This is potentially a missed opportunity to better align the capital allowances regime with the Government’s wider strategies, particularly as investment decisions made now will impact the UK’s ability to meet its net zero target by 2050.
Whether or not this type of blanket untargeted relief provides the best return for both the Government and taxpayers is also debatable. The Government had stated that the previously introduced super deduction was costly to operate, and it is difficult to see how the introduction of full expensing will provide much better value for money.
When will it apply?
From 1 April 2023.
Reforms to research and development tax reliefs
A new increased research and development (R&D) tax credit rate for highly innovative loss-making SMEs has been introduced. Previously announced restrictions to overseas expenditure will be delayed a year.
Major reforms have been announced to both R&D relief schemes previously. Most of these changes will take effect for accounting periods commencing on or after 1 April 2023.
The Chancellor announced today, however, that R&D intensive loss-making SMEs with qualifying R&D expenditure worth 40% or more of total expenditure for an accounting period will qualify for a higher tax credit of 14.5%. This will give qualifying loss-making companies a cash credit worth £27 for every £100 spent and negates the impact of the reduction in rates of relief for companies claiming under the existing SME scheme.
The Government also previously announced restrictions on the inclusion of overseas expenditure, but these measures have been delayed by a year, and will come into effect from 1 April 2024.
Other R&D tax reforms include:
- Categories of qualifying expenditure to include both cloud computing services and data licences
- The definition of R&D has been extended to encompass both pure mathematics and mathematical activities that contribute to R&D projects in other fields of science and technology
- Using new digital forms, companies will be required to both notify HMRC of the intention to make an R&D claim, if they had not made a claim before; and
- From August 2023 companies must provide additional information when making R&D claims, to assist HMRC with compliance checks
The Government is considering responses to the consultation on the form of a single R&D scheme to merge the SME and RDEC regimes, with draft legislation for a merged scheme expected to be released in Summer 2023 for technical consultation.
HMRC is also due to provide more accurate estimates of error and fraud to the Public Accounts Committee by summer 2023, along with a clear action plan to reduce error and fraud. Any further measures to combat this error and fraud will be announced thereafter.
We support the Government’s intention to combat error and fraud within the R&D regimes; however, it is our view that reforms announced in the Spring Budget 2023 will be ineffective in targeting fraudulent claims and in addressing the limitations with HMRC’s compliance processes.
While the enhanced relief for R&D intensive loss-making SMEs provides a welcome respite for those that meet the thresholds, it will result in a yet greater compliance burden for HMRC to ensure claimants are accurately meeting the 40% threshold.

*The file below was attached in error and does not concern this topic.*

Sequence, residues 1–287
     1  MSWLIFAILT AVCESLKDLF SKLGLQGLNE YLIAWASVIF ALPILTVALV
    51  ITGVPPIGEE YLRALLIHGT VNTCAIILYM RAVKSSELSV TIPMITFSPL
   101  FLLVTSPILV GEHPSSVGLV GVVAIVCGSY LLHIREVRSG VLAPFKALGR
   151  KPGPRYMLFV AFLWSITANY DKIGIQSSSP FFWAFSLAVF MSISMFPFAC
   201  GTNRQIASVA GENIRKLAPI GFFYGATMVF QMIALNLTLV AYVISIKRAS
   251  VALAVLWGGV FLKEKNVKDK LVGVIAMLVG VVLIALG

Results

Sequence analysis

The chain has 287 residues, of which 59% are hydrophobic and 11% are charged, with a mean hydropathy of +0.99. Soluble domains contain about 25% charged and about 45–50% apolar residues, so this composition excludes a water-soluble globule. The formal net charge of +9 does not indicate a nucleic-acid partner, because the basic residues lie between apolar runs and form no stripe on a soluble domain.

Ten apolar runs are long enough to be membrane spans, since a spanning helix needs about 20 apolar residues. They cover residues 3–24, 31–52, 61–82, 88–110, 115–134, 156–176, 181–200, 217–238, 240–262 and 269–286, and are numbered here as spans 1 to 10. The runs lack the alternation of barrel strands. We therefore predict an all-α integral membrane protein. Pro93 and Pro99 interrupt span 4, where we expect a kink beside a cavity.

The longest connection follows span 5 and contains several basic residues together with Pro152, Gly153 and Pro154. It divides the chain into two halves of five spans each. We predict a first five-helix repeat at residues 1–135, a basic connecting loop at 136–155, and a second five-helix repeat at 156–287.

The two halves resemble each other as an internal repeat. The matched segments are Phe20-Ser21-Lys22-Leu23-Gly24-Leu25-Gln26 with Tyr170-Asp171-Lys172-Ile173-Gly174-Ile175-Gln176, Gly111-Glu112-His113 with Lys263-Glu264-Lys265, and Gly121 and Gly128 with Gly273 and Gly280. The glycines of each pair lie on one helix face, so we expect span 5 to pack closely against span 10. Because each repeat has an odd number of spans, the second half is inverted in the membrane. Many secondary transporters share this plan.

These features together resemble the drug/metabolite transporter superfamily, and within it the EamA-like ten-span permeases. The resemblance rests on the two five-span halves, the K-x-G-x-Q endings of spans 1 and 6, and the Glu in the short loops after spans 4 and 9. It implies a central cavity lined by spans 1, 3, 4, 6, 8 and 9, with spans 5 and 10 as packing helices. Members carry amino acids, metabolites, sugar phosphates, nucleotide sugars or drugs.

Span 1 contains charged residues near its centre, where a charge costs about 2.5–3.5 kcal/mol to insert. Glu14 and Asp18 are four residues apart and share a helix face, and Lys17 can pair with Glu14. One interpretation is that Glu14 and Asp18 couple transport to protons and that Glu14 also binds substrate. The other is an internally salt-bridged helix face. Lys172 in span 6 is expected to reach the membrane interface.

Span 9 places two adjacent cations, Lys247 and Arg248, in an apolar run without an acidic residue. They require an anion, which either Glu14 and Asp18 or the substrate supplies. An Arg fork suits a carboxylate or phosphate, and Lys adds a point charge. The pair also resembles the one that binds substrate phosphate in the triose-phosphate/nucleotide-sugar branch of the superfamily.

We welcome the delay in implementing the restriction on claiming costs on overseas workers. While we support the intention to incentivise UK employment and activities, additional time is required to enable companies to prepare for this significant change and to enable the Government to further consider feedback from industry and advisors on this issue.
When will it apply?
The new regime for R&D intensive SMEs will come into effect on 1 April 2023.
The previously announced changes on R&D reform will take effect for accounting periods commencing on or after 1 April 2023, except the requirement to provide additional information which will apply to all claims made on or after 1 August 2023. Draft legislation is expected to be published summer 2023 on the merging of RDEC and SME regime with final measures currently planned to be implemented April 2024.
Business rates review
The Budget highlights the ongoing review of the UK business rates system and the Government’s commitment to consult and re-shape policy. Two new consultations are launched whilst we await publication of responses to two recently closed consultations.
The Government is launching two new consultations: one on providing ratepayers with more information on their business rates valuations, and the second on measures to combat avoidance and evasion.
The Government has also promised to publish responses to two closed business rates consultations. Mentioning the non-domestic rating information consultation, which closed in February 2022, the Government reconfirmed its commitment to reform and promised to set out further detail on how reform will be delivered. A summary of responses to its consultation and impact assessment on digitalising business rates is also awaited. This considers the implementation of new legislation and an integrated system for ratepayers to interact with central Government.
Little detail on business rates was delivered in the Spring Budget, however, it is clear that business rates remain firmly on the agenda for review.
The four business rates consultations referred to in the Budget indicate that the Government is committed to bringing business rates into line with other taxes through digitalisation, the introduction of ratepayer compliance through the provision of information, and the tightening of measures to combat business rates avoidance and evasion.
We await more detail on reforms; every ratepayer will need to be ready to understand the rules quickly when the changes come.
When will it apply?
The consultation on disclosure on business rate valuations closes 7 June 2023. The second consultation is yet to be published.
VAT relief for the installation of energy saving materials
The Government has announced a call for evidence on options to reform VAT relief for the installation of energy-saving materials